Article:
Pubdate: Sun, 06 Oct 2013
Source: Register-Herald, The (Beckley, WV)
Copyright: 2013 The Register-Herald
Author: Cody Neff


Even though Delegate Mike Manypenny, D-Taylor, says he hopes to have 
medical marijuana legalized by 2015, some state officials say it 
could be longer, especially depending on what the public thinks.

"I would say the earliest that we're going to vote on something like 
that is 2015," Sen. Daniel Hall, D-Wyoming, said. "I can't imagine 
that we'd vote on an issue like that during an election year. I get 
mixed opinions in our district. My job is to represent the people of 
Raleigh, Wyoming and part of McDowell.

"I think for the most part, most people don't really care one way or 
the other any more. There are some who strongly support it and some 
who are strongly against it. Even though there are a lot of people 
who use medical marijuana like they're supposed to and get benefits 
from it, there's still a stigma with drug use and marijuana usage.

"If there is going to be a wide-spread acceptance then there needs to 
be some education of the general public from those people supporting it."

Some local church organizations are also throwing their support 
behind medical marijuana.

"As a ministerial association that is concerned with the overall 
well-being of those we serve, we understand that there are strains of 
marijuana with lower levels of the hallucinogen THC," the Mullens 
Ministerial Association wrote in a letter to Hall. "We understand 
these strains are helping patients, especially cancer patients, to 
handle pain. Therefore, we resolve and strongly urge political 
leaders to support the use of medical marijuana."

While some, like Lisa from Oak Hill, say they don't know enough about 
the drug to have an opinion, many others say they strongly support 
legalizing marijuana for medical use.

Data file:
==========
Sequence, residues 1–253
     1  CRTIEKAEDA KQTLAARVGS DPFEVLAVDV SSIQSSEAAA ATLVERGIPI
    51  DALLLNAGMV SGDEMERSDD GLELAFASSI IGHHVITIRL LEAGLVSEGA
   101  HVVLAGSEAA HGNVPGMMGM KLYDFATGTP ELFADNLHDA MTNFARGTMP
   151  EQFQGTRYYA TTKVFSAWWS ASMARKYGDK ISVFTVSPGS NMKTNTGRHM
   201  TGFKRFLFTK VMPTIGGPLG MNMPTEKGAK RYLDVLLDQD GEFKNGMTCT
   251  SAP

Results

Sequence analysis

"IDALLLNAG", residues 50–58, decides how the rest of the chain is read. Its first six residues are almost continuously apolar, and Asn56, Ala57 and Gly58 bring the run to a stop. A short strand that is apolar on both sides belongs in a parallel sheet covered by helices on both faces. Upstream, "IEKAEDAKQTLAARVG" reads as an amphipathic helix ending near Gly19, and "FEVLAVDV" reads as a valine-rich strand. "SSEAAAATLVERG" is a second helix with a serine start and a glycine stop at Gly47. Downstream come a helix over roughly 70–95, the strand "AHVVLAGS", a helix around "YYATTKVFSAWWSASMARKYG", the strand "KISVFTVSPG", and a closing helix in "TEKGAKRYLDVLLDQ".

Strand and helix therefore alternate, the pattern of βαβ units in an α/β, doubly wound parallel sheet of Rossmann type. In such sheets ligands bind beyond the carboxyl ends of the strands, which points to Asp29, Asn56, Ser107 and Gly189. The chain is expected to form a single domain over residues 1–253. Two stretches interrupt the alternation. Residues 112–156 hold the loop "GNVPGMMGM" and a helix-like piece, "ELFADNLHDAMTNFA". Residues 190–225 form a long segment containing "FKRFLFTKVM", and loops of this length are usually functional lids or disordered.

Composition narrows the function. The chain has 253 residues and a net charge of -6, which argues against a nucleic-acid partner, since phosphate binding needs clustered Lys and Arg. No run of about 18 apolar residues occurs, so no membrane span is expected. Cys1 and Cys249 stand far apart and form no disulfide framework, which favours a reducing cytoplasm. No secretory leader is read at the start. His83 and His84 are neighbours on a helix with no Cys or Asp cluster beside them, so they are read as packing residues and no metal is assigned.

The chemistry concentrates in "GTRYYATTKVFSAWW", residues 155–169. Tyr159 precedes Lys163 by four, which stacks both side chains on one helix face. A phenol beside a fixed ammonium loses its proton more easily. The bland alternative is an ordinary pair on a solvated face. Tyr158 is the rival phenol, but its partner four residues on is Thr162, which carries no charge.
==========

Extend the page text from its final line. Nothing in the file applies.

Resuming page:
People questioned about their opinions did not give their last names.

"I feel like people just need to overlook the idea of 'People just 
want to get high,' or whatever their issue is," Marissa from Beckley 
said. "There are too many people who can be helped by it. It helps 
with glaucoma, cancer and hundreds of different diseases, even things 
like depression and anxiety disorders. It's not even the 'high' part 
because a lot of the stuff doesn't even use the THC. Some of it does, 
but people aren't just rolling joints all day to get high. People 
might eat it, take it in pill form, or oil, or whatever they need.

"I definitely think it should be legalized, at least for medical use. 
I don't think there should be people walking around the mall smoking, 
but if some old lady who is suffering from cancer can get some relief 
from it, then there's nothing wrong with that."

Others say it's not a matter of benefits, but a matter of perspective.

"If you control it and regulate it then I don't care," Kathryn from 
Beckley said. "There's far worse things in the world going on today 
that we should be worrying about rather than worrying about someone 
with a terminal illness using something that drug companies can't 
provide. Who am I to tell them that they can't have access to 
something? That's just silly."

Not everyone thinks the benefits outweigh the possible risks though.

"We've gone this long without it legalized," James from Beckley said. 
"I know it's 'technically' not a drug, but we've gone this long 
without it. Everyone is just going to suddenly come up with a 
'medical' reason to get medical marijuana. It'll be 'Oh I can't sleep 
at night. Weed puts me to sleep.' It's just going to be another 
problem to deal with. It's already too easy to get drugs."

Some police officials also think legalizing medical marijuana will 
just open a can of worms of new problems to deal with.

"I think there is some validity to the research being done that in 
very specific and very limited circumstances, such as glaucoma 
patients and some cancer patients, (it) does to some degree provide 
some medical benefit," Raleigh County Sheriff Steve Tanner said. "To 
write a law for that limited circumstance seems ludicrous.

"My problem with marijuana is that I've never run into anyone on 
cocaine or heroin who didn't start on marijuana. It's the starter 
drug for so many worse drugs. I don't think that it's a victimless 
thing. People accept it because they say it's not as bad. That 
doesn't make it OK. Because it's so limited and has such limited 
benefit, I can't imagine that the benefits would outweigh the cases of abuse."

Hall says he hopes state and public officials will start polling the 
public on the issue soon so representatives can have a better idea 
about how the people in their districts feel when it comes time to 
vote on the bill.
- ---
MAP posted-by: Jay Bergstrom